By Scott Rowan, Landscape & Facility Operations Manager
In part one of our Landscape Design series, we learned about some of the ways DMB is creating great places by placing as much focus on landscape design as it does on community building. To pay tribute to the turn-of-the-century neighborhoods and destinations in Phoenix and Tucson, Eastmark’s landscape vision is referred to as “Old Arizona.”
A cornerstone feature of the Old Arizona urban landscape is the use of arroyos and riparian areas found along pathways of water. These features are being recreated at Eastmark in areas such as the Great Park where a stream and lake creates a wild habitat sanctuary for plants and animals.
Parks, which are central hubs of activity in each neighborhood, take on an Old Arizona feel with the use of formal landscape elements like flowering plants or sculptural agave and prickly pear planted in rows or in clusters. Open green space and built shade structures provide the venue for gatherings to take place.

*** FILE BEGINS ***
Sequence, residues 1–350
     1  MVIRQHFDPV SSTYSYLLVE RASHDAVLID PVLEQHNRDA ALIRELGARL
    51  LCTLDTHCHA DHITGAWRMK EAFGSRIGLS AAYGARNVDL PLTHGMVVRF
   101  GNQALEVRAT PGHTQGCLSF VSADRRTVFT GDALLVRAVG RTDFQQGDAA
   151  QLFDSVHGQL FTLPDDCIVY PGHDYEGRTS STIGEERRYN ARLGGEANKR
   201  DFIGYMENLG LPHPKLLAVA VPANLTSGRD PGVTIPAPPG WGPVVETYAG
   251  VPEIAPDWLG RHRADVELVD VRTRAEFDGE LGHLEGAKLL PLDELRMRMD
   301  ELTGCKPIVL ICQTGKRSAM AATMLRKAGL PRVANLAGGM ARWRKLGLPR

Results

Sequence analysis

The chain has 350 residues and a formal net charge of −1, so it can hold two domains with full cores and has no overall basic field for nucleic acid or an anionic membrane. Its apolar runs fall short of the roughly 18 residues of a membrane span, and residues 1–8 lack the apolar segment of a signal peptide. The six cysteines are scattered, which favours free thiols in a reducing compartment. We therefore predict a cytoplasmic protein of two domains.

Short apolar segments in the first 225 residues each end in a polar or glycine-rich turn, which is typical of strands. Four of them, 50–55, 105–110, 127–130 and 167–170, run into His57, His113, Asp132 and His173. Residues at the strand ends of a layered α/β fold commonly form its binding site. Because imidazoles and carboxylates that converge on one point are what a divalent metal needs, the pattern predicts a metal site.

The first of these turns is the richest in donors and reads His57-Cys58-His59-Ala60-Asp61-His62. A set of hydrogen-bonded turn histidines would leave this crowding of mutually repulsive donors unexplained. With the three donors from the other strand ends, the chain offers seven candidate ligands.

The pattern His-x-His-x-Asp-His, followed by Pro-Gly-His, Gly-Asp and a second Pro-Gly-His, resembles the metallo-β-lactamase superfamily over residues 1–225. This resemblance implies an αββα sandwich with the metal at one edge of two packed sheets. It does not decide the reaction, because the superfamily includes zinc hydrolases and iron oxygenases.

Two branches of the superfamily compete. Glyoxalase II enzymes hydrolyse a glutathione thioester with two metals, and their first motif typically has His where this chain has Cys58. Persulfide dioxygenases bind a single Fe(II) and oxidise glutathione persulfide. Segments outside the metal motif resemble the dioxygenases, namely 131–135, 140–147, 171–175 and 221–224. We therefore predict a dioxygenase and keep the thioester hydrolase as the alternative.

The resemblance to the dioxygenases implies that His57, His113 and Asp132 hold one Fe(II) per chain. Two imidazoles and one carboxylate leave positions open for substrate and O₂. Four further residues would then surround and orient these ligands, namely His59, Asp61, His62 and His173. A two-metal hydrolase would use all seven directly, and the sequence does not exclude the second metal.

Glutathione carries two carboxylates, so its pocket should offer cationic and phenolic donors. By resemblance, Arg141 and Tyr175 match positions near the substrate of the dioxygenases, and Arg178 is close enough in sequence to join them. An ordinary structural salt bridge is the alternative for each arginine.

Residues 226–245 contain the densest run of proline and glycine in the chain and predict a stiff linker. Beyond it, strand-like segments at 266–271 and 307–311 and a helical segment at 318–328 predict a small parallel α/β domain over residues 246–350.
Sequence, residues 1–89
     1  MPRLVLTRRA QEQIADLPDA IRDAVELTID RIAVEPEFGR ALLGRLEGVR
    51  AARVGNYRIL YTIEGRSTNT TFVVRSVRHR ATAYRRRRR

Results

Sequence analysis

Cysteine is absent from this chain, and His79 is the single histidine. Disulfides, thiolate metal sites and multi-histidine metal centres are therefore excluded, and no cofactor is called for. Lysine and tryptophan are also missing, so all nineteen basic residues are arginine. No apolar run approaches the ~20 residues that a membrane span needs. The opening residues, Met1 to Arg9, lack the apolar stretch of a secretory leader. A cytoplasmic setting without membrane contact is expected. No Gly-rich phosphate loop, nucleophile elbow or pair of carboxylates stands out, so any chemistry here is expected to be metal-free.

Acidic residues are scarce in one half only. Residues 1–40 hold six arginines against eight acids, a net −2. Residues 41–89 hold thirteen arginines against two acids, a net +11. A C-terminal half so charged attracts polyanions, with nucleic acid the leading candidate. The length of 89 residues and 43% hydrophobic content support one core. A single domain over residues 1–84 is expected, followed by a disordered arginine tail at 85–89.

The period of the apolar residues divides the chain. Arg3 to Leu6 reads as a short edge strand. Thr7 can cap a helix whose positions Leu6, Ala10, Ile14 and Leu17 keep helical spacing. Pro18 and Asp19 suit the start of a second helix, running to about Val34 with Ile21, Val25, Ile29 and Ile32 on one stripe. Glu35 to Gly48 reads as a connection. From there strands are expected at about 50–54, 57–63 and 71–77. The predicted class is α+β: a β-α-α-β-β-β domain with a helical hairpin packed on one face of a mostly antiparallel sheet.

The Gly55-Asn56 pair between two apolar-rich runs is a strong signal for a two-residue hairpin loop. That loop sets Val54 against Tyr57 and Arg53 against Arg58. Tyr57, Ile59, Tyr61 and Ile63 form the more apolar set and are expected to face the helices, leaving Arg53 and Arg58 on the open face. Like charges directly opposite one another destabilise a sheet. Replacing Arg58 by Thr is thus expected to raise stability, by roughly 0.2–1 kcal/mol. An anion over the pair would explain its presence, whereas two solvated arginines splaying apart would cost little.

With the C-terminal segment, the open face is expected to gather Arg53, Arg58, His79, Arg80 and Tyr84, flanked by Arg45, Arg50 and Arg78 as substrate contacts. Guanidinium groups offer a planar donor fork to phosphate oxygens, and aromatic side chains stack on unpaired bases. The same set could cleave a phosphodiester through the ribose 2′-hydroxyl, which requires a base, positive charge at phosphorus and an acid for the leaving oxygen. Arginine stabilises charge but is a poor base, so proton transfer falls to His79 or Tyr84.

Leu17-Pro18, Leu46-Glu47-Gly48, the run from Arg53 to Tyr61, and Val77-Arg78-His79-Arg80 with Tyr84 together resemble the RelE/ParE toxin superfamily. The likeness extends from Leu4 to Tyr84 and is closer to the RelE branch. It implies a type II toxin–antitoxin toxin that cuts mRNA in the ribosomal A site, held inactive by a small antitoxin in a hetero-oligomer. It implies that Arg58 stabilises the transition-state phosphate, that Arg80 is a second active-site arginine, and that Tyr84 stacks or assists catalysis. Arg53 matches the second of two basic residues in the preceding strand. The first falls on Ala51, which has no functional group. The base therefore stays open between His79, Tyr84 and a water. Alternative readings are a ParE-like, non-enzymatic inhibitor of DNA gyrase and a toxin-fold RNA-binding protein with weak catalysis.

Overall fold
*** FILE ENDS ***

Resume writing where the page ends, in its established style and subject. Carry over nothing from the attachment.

And finally, front yards of homes carry out a “near town” landscape design concept that emphasizes pedestrian-oriented urban neighborhoods with shaded sidewalks and courtyards. Small flowering plants may be used to accentuate sidewalks that lead to the front door, while taller shrubs and trees soften modern architectural forms such as side walls of garages.
The landscape vision for Eastmark is grand, but is also rooted in responsible use of land and a stewardship of resources that maximize the visual appeal and functionality of the community. It’s hoped that Eastmark will be described as “a city of gardens and trees,” just as Phoenix was described when it was a new town in the Sonoran Desert.
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